A University of Melbourne literature review shows an increasing trend of young adults staying at home well into their adulthood, as well as returning home years later, often with their children in tow.
Associate Professor Cassandra Szoeke and Katherine Burn, from the University of Melbourne’s Faculty of Medicine, Dentistry and Health Sciences, analysed 20 studies involving 20 million people worldwide using data from PubMed and PsycInfo and professional archives gathered by the Healthy Women’s Ageing Project.
They found that
The research also showed wealthier parents and those who are still married are more likely to have children living at home for longer, whereas parents in poor health were much less likely to have children living with them, unless the child was a carer.
“Starting university, saving for a house, or getting a new job can encourage people to stay at home longer and of course it’s a beneficial arrangement for them,” Ms Burn says. “Whereas early high school leavers from families with a step-parent tend to leave earlier and are also less likely to come back.”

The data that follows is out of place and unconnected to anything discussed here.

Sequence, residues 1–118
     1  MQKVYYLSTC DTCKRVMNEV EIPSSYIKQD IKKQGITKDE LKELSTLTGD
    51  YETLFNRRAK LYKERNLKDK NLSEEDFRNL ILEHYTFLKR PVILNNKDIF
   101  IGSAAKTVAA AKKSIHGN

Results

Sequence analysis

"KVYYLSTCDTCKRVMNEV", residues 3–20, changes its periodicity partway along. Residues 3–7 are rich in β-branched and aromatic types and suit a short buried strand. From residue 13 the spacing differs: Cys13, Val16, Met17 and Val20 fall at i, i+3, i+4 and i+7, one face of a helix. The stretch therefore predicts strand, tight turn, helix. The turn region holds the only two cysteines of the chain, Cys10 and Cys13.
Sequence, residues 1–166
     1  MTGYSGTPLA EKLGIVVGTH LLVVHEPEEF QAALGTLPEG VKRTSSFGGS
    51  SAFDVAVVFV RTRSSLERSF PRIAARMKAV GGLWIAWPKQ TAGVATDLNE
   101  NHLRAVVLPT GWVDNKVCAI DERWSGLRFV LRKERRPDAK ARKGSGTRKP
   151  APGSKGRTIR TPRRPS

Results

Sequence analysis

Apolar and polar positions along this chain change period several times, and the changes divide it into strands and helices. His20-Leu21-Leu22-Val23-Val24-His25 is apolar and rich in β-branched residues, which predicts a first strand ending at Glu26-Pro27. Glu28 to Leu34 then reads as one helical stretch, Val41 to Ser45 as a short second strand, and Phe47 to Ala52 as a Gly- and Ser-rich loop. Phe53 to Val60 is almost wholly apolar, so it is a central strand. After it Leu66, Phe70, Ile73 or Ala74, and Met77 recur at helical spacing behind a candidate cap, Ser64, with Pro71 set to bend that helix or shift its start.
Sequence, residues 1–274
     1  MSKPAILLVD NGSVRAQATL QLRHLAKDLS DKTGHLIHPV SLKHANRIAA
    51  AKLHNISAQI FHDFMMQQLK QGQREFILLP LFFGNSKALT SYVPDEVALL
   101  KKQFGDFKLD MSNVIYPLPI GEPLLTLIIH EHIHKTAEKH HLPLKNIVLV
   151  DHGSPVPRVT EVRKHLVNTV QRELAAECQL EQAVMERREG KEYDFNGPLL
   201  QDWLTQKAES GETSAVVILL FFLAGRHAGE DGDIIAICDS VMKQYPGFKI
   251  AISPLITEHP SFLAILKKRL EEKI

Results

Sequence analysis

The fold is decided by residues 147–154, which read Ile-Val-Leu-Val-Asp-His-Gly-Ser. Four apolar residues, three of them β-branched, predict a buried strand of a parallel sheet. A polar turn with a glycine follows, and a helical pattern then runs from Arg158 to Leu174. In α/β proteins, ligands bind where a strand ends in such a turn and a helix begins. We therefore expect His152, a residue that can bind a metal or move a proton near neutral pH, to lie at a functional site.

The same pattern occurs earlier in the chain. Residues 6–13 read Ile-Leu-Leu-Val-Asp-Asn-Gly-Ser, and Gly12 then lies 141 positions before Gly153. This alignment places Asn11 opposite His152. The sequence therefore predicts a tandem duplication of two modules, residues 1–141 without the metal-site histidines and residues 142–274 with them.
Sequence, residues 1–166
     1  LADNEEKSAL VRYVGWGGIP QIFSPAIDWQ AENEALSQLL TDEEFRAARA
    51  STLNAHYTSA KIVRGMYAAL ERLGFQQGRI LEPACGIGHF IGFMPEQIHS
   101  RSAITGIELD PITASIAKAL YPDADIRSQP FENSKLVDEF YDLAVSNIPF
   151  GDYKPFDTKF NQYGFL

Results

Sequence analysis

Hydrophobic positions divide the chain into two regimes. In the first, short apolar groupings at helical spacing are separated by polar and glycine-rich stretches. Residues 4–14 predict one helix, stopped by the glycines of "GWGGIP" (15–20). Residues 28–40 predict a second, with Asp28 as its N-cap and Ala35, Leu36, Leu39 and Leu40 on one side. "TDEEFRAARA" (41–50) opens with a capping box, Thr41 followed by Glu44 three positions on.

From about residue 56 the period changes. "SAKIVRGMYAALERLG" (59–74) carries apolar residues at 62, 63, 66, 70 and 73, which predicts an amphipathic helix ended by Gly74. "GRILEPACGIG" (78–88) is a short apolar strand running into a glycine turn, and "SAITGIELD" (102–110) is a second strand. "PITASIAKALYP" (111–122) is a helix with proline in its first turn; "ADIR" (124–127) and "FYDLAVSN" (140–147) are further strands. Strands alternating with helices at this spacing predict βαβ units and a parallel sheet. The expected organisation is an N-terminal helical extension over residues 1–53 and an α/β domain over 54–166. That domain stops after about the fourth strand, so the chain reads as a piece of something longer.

As for the boomerangs – it’s usually unpleasant, unplanned events like unemployment or divorce that often prompt a return home. They are more likely to be in financial dire straits and sometimes come back with children of their own.
The old-fashioned notion that “empty nest” mothers pine for their departed children as they take flight into adulthood is not entirely true. “Professor Lorraine Dennerstein, founder of the Melbourne Women’s Midlife Health Project, studied this back in the 1990s. She found that an empty nest actually leads to a significant increase in positive mood and wellbeing for parents, but only once the last child has left home,” Associate Professor Szoeke says.
“Even when children do make financial contributions, the parents remain out of pocket,” Ms Burn says. “This can often cause resentment and conflict. The key to success is open communication and defining relationship and household roles early on, Associate Professor Szoeke says.
“Most parents genuinely enjoy spending time with their children and as people get older they can become more socially isolated. We know that loneliness scores are way down when kids come home. And children who leave home later are more likely to have regular contact and provide help to their parents."
“We see negative experiences when roles and expectations mismatch. If you look at cultures where it’s usual to have co-residence of adult children and parents, those conflicts don’t exist," Associate Professor Szoeke says.
All entries complied by osteopath Dr Wei Chua unless otherwise stated.